It has now become easier to get rid of mosquitoes. Researchers have invented a solar kit that not only lights up houses at night, but also pulls mosquitoes to their death.
Tests conducted at Rusinga Island in Lake Victoria, which has one of Kenya’s highest malaria prevalence rates, have been successful.
The anti-mosquito set, known as SolarMal, was developed by the Nairobi-based International Centre of Insect Physiology and Ecology (Icipe) and the Wageningen University and Research Centre in Netherlands.
“For the two years that we have been carrying out the research, we have discovered that a number of malaria cases in households equipped with the traps have reduced,” says Arthur Willem Tekken, a researcher from Wageningen University.
The project involves laying solar powered mosquito traps outside a house and a bait sprayed with a mixture of chemicals that lure mosquitoes. The solar panel charges the battery and when dusk falls, the stored power lights up the house, and also rotates a fan that kills the lured mosquitoes.
“Over the past decade scientists have identified chemicals which attract mosquitoes. These are the chemicals we are using to lure mosquitoes to the traps,” Tekken says.
The project research began in 2003 and over the years, the researchers have monitored malaria infections in people living on the island.
“We have discovered that the number of malaria-causing mosquitoes in houses with solar powered trapping system is lower than in houses without traps. We have also tested people for malaria and found out that people living in households with the solar powered traps had less malaria compared to those living in households without the traps,” he says.
More than 4,000 houses, nearly the entire Rusinga Island, have had the kit installed for free.
It comprises a solar panel and mobile charging system, which is part of the trapping system. The pilot phase ends next month, but the developers have not announced how much new clients around Nyanza and other malaria endemic areas will spend to buy and instal the kit.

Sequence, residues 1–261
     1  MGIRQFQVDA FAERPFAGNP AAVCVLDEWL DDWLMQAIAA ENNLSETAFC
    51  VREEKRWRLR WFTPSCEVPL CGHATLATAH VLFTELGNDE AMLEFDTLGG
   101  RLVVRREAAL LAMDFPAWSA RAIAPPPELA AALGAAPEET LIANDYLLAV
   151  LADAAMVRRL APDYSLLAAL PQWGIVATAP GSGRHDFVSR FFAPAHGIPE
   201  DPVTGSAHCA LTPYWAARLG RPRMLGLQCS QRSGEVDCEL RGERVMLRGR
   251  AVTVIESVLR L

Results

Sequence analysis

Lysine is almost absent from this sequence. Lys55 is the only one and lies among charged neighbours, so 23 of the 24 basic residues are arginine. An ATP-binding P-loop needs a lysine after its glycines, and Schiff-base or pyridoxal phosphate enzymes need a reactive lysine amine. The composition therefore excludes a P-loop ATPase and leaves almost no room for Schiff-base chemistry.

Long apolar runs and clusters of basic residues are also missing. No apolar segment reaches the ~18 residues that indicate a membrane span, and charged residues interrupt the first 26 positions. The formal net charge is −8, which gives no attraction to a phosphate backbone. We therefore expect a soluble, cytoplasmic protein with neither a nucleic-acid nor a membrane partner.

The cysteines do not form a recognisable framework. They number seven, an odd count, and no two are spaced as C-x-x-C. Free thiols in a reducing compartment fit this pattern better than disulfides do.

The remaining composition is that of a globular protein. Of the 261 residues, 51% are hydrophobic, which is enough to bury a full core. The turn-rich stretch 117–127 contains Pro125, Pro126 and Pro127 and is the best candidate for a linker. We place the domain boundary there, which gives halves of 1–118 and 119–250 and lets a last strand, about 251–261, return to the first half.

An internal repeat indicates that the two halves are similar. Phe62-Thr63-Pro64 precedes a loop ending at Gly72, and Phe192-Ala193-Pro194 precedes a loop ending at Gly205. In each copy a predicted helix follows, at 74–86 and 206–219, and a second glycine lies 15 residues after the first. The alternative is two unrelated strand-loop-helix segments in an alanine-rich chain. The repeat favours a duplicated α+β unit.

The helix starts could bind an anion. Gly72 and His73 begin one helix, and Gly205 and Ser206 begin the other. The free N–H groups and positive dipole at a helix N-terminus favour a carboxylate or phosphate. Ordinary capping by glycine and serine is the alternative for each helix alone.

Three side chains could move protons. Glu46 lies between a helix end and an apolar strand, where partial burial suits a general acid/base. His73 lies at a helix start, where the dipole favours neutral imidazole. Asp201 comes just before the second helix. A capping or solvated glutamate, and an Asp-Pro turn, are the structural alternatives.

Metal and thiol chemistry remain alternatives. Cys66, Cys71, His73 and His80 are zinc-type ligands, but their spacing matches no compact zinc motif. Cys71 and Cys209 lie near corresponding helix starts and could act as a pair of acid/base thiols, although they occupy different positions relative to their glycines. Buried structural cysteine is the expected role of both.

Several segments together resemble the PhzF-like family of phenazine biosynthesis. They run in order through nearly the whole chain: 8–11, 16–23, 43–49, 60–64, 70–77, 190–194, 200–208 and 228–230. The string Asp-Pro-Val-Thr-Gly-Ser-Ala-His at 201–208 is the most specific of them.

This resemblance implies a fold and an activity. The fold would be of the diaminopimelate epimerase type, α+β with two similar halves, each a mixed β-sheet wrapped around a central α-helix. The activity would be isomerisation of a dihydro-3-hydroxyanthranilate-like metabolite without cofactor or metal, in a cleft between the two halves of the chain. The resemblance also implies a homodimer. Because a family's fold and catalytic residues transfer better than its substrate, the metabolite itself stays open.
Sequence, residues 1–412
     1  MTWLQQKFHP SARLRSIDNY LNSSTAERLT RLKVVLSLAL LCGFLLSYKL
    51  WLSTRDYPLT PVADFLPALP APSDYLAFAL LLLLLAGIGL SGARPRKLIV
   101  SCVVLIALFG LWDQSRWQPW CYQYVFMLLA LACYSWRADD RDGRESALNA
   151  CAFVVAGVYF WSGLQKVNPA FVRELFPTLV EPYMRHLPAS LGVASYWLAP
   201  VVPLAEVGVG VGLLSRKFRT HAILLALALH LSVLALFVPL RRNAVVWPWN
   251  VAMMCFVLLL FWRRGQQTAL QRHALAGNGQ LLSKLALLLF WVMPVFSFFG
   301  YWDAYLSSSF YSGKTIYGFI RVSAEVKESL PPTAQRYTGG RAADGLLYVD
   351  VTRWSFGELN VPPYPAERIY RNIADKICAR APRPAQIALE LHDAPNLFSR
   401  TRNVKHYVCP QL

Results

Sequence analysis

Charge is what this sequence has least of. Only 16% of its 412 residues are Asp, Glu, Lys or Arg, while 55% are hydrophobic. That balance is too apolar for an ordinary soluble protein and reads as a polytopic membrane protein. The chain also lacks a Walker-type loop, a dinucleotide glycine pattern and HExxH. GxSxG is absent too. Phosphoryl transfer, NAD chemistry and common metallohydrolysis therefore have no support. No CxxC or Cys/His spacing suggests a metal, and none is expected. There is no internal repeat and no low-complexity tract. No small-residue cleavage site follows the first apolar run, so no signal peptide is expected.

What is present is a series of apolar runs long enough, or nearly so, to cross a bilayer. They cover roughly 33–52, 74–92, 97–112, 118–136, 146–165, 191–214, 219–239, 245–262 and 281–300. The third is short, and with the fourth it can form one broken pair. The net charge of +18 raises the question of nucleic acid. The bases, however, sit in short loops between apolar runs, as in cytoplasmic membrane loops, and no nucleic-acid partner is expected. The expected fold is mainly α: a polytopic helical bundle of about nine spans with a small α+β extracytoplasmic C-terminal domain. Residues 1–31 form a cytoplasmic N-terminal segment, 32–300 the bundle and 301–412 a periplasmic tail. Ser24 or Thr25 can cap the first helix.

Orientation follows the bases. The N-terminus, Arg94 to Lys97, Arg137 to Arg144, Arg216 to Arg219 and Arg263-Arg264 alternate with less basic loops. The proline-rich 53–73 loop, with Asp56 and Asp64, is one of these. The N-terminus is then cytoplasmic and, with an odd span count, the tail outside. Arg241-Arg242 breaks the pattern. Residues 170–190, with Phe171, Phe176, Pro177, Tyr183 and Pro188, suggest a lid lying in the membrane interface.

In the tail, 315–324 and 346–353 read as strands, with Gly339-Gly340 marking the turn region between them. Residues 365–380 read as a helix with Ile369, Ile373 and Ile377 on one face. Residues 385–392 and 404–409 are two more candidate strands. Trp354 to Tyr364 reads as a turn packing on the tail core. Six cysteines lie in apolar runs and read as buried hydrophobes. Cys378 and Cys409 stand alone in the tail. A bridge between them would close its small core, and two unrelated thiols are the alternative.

Dr Daniel Masiga of Icipe extols the long-term rewards. He says the kit provides both health and economic benefits and can be applied in many other malaria prone areas.
“People from this area no longer breathe in Kerosene fumes since they use green energy. Furthermore, they can now save the little money they used to spend on kerosene,” he says. Seventy eight-year-old Julius Obara says his family members are hardly contracting malaria and his spending on kerosene has gone down.
The father of six, who currently lives with his four grandsons and daughters, said the study time for his grand children has been prolonged.
“Before, sometimes we could not afford to buy even kerosene, and my grandchildren could not have any source of light to do their homework,” says Obara.
Gladys Okeyo, from Kakrigu Village, says her savings have improved because she no longer buys kerosene or pays for her mobile phone charging.
“Before we could even spend more than Sh100 per day on kerosene and another Sh20 on phone charging. The amount I save has now made it easier to pay school fees for my three children, who are in secondary school,” she said.
The kit was officially launched last week at Sam Wakiaga Playground in Rusinga.
Homa Bay County health executive Lawrence Oteng said malaria is still the number one killer in the county.
Oteng says all residents must continue to use treated nets and even spraying their houses since the kit does not destroy all mosquitoes.
Oteng said they must also clear bushes around houses and disinfect stagnant waters.
He asked researchers to furnish his office with the full cost of the kit, to gauge if it is sustainable.
Energy and Natural Resources executive Phares Ratego urged locals to embrace the kit. “The programme is like killing two birds with one stone. It touches on the health and the energy sector at the same time,” he said.